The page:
AFRIKAANSE OPSOMMING : Die belang van toegang tot moderne energie, veral elektrisiteit, is duidelik in die gehalte diens wat dit vir onder meer die onderwys-, gesondheid-, sake-, vervaardiging- en konstruksiesektor, asook vir vele ander fasette van die menslike bestaan bied. Ten spyte van die enorme voordele wat uit toegang tot elektrisiteit verkry word, het meer as een miljard mense wêreldwyd, waarvan 588 miljoen in Afrika, teen 2016 steeds nie toegang tot elektrisiteit gehad nie. Die oorvloedige hernubare energiebronne in Afrika kan egter vinnig die nodige elektrisiteit deur middel van nuwe tegnologie voorsien. Dit is dus noodsaaklik dat daar oorweeg word dat Afrika se onbevredigde elektrisiteitsmarkte spronggewys van tradisionele energie na hernubare energie geneem word, om sodoende die Volhoubare Energie vir Almal-doelwit van universele energietoegang teen 2030 te verwesenlik. Die oorkoepelende navorsingsvraag vir hierdie studie was dus: hoe kan ’n energie-oorgang, veral deur ’n groot sprong na hernubare energie, universele toegang tot elektrisiteit in Afrika versnel? Hierdie vraag is aangepak met behulp van ’n sistematiese literatuuroorsig, wat gelei het tot die ontwikkeling van ’n aangepaste oorgangsraamwerk wat die unieke eienskappe van onbevredigde elektrisiteitsmarkte omvat. Hierdie eienskappe is onder meer die onbevredigde kragmark; klein skale; hernubare energie; vinnige oorgangstyd; nisgeleenthede; en meerdimensionele druk. Die studie beklemtoon die behoefte aan kontekstuele bewustheid, asook sosiokulturele en politieke insluitings ten opsigte van die aanvaarding van die energie-oorgangsraamwerk vir onbevredigde elektrisiteitsmarkte. Die studie identifiseer ook sleuteldrywers vir energiespronge in ’n Afrikakonteks. Dit sluit in ’n groot onbevredigde elektrisiteitsmark, die dringendheid van universele energietoegang, en die beskikbaarheid van hernubare energiebronne. Drie potensiële sprongparadigmas is uiteindelik gekonseptualiseer, naamlik: Revolusionêre, Verspreide, en Gefokusde spronge. Hierdie paradigmas word omskryf aan die hand van die tempo en omvang van die oorgang, en hang af van die intensiteit van die sprongdrywers. Die studie kom tot die gevolgtrekking dat Afrika die geleentheid het om die fossielintensiewe energie-regime heeltemal oor te slaan en na ’n hernubare energie-regime te versnel. Verder is daar twee stelseldinamika-modelle ontwikkel, naamlik: die AFELA-model (Afrika-elektrisiteitstoegangmodel) en die GELAmodel (Ghana-elektrisiteitstoegangmodel). Die AFELA-modelresultate dui aan dat toegang tot befondsing vir energie-infrastruktuur ’n belangrike uitdaging in Afrika is, en die rede vir die groot onbevredigde elektrisiteitsmark is. Nadat vier verskillende scenario’s ondersoek is, is daar bevind dat die Elektrisiteitstoegang-beleggingscenario, wat ’n toename in die jaarlikse kraginvestering van twee persent van die BBP behels, die mees ideale pad is om die finansieringsgaping te oorbrug en te verseker dat universele toegang tot elektrisiteit in Afrika teen 2030 verkry word. Verder dui die GELA-modelresultate aan dat Ghana volgens die huidige elektrisiteitsbeleggingtrajek nie sy tweeledige energiedoelwit van universele elektrisiteitstoegang en 10% hernubare energie in die elektrisiteitsektor se energiemengsel teen 2020 sal bereik nie. Ten einde die universele toegang tot elektrisiteit in Afrika te versnel, beveel die studie regulatoriese hervorming aan om investering vanuit die privaat sektor te lok, asook beleggingsdiversifikasie ter bevordering van die sprong na hernubare energie.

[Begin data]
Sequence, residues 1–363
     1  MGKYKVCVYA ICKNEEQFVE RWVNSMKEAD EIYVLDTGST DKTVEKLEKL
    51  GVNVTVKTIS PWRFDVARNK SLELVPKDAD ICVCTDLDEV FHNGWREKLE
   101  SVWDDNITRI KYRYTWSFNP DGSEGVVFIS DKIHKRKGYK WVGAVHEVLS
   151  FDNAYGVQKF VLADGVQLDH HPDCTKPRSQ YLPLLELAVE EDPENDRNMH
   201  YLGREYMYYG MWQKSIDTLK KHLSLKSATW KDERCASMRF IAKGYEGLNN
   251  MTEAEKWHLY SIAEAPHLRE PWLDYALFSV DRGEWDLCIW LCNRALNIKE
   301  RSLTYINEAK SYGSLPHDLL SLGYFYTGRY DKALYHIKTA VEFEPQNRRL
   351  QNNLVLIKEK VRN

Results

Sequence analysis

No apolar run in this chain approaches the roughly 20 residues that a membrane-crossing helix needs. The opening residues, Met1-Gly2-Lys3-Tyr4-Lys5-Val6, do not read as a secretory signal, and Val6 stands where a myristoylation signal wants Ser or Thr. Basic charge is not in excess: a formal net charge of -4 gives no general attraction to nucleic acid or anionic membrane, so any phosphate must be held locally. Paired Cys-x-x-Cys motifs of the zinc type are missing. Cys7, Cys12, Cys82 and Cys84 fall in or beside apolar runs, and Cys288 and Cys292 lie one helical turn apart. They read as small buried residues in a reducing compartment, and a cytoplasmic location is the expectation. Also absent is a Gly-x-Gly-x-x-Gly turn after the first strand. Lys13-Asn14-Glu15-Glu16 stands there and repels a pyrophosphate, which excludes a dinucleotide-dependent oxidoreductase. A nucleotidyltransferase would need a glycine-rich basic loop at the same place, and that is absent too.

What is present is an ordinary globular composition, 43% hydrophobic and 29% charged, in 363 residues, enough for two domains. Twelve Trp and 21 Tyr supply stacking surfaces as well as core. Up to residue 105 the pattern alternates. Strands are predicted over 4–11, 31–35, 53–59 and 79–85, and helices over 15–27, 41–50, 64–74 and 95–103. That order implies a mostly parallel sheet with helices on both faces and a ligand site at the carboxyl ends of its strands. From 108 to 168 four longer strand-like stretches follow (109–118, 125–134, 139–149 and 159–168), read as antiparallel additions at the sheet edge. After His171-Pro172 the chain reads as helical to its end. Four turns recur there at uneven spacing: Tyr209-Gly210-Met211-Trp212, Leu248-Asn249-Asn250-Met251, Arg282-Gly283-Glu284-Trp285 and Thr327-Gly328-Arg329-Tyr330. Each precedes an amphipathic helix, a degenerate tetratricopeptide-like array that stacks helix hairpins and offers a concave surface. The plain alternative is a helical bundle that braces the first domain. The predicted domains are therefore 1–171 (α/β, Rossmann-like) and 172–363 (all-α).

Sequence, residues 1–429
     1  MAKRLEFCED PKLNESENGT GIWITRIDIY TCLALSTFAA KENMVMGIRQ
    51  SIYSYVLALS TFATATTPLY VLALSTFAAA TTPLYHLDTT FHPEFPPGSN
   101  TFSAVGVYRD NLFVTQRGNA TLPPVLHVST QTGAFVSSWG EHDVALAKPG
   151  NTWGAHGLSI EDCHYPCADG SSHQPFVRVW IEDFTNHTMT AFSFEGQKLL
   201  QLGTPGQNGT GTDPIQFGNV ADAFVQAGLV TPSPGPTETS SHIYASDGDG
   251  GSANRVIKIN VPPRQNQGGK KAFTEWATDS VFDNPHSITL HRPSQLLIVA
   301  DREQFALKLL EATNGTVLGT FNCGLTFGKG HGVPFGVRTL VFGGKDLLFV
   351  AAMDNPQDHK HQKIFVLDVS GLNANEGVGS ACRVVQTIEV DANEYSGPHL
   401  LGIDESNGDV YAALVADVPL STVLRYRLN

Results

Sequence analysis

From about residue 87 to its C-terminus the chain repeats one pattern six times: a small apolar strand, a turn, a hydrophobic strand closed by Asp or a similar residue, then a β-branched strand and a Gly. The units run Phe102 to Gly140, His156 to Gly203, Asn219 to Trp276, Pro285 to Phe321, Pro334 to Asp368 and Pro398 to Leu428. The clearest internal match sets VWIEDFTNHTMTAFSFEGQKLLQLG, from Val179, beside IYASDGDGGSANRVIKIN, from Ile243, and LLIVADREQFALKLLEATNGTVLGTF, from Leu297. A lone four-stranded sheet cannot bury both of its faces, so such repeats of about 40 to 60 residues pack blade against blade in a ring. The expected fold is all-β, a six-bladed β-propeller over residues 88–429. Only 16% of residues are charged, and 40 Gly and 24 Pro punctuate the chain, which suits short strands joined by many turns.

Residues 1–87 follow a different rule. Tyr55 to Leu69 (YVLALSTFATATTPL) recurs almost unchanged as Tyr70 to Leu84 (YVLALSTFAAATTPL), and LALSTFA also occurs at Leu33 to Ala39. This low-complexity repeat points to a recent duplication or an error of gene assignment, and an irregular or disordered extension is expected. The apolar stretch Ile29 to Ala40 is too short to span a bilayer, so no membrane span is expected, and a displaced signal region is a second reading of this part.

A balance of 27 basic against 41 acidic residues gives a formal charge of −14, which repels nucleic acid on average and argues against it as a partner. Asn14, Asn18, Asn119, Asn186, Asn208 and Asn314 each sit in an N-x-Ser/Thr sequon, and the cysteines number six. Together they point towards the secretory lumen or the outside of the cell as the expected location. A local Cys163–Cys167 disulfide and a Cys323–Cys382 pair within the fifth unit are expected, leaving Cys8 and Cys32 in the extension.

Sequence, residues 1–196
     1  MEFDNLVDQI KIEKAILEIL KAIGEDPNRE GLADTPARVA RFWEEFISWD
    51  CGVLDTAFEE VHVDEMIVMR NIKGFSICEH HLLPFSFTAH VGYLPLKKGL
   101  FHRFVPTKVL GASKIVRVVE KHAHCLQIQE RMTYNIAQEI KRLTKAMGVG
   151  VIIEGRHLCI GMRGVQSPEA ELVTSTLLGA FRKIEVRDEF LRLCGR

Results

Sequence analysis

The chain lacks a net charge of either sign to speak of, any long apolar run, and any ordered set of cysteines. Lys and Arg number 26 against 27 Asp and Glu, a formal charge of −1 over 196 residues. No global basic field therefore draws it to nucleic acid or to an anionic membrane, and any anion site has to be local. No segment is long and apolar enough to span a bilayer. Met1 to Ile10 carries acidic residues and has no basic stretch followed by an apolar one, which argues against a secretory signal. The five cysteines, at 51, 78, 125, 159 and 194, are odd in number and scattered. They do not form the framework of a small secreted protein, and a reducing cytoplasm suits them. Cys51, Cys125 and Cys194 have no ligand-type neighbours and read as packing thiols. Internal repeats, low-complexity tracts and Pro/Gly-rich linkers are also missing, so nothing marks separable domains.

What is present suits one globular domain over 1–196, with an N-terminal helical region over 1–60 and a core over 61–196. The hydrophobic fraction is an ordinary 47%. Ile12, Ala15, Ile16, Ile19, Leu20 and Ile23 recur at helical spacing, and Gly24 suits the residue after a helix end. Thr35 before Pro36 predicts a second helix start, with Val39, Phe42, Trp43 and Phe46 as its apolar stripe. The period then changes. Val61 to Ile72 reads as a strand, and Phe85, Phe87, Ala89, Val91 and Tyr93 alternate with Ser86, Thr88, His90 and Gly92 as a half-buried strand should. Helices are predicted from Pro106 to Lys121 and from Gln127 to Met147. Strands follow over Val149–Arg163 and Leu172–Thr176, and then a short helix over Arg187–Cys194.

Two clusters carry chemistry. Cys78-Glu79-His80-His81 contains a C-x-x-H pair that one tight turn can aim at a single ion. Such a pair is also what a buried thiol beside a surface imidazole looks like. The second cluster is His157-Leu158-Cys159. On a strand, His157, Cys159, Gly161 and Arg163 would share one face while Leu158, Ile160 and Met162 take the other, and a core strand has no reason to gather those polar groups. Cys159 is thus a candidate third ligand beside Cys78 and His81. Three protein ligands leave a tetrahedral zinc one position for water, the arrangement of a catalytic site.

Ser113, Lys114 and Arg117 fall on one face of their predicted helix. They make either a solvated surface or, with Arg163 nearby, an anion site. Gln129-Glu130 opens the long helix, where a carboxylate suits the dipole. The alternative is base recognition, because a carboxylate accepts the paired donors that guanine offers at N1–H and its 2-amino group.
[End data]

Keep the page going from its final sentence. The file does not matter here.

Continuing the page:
Please refer to this item in SUNScholar by using the following persistent URL: http://hdl.handle.net/10019.1/105178